That Old Feeling

Marge pushed her handkerchief into the clerk’s mouth before he could finish the objection. Bernie jerked the clerk’s thin arm and secured his left hand with the other handcuff ring. He pulled the bound clerk into the middle of the shop.

Marge turned back to the door. “Oh look, they even have a shade to cover the glass door. I haven’t seen a roll down shade in years.”

Bernie pushed the clerk onto an old wooden chair. His eyes, wide and terrified, found the old man was much stronger than he looked. Bernie quickly used two plastic zip ties to secure the cuffed hands to the ladder-back chair. He feverishly tried to spit out the wadded handkerchief, but Marge was ready with another kerchief and tied it around his head, keeping the first gag firmly in place.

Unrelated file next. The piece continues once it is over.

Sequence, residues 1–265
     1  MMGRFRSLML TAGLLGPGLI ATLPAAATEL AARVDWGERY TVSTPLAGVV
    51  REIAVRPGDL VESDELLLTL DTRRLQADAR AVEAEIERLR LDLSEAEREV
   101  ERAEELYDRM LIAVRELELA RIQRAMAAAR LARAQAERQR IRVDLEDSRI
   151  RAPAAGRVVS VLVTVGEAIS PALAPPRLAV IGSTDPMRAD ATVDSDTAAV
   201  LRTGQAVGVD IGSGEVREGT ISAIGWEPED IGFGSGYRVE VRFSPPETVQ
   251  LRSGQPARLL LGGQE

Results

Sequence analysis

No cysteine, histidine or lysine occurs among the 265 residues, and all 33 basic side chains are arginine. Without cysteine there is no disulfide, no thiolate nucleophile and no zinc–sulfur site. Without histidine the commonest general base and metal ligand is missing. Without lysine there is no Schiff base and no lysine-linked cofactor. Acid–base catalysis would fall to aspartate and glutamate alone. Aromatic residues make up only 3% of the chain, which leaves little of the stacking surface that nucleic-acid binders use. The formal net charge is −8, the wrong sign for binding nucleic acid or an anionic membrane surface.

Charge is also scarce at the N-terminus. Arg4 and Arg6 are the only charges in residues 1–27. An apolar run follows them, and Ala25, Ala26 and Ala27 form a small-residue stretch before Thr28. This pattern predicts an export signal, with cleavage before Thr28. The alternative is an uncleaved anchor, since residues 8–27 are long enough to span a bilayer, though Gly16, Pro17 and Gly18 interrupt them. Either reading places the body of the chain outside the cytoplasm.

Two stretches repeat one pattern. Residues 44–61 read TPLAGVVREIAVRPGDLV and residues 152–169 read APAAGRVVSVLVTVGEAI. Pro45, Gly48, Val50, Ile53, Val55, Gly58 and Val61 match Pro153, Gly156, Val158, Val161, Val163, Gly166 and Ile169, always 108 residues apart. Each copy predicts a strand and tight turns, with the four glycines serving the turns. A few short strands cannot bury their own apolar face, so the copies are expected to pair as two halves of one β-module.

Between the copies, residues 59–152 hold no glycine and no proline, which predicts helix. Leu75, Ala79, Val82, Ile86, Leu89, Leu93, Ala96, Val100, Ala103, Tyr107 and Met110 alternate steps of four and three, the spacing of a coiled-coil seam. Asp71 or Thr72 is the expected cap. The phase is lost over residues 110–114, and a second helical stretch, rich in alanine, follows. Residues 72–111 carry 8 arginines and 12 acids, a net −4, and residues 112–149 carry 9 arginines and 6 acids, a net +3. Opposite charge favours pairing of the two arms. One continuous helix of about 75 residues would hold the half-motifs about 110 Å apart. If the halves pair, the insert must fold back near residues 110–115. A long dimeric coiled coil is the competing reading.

“Not very strong, is he?” commented Marge.

“Not at all.” Bernie laughed. An unpleasant tingle went up the clerk’s neck at the discordant sound. “Felt like I was wrestling with a ten-year-old. That’s the trouble with this generation. They grow these skinny, nerdy wimps. This is what ‘cool’ is now.” He laughed again, but it turned into another coughing fit.

Marge sat on the young man’s lap, startling him by the sudden intimate act. “I don’t know. He’s kind of cute. Maybe we could mess around with him first. We could take turns.” She laughed and grabbed between his legs. The clerk wiggled his legs to dislodge her, to no effect.





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